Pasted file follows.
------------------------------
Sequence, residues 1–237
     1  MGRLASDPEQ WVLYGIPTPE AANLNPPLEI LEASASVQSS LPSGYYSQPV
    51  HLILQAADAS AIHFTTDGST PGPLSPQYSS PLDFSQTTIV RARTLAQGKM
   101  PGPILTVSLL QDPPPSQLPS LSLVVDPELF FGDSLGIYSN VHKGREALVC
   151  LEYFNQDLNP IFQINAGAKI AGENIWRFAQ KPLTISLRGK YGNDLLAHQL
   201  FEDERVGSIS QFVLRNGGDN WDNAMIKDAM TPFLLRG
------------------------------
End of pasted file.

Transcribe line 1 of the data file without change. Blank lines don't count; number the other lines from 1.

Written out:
Sequence, residues 1–237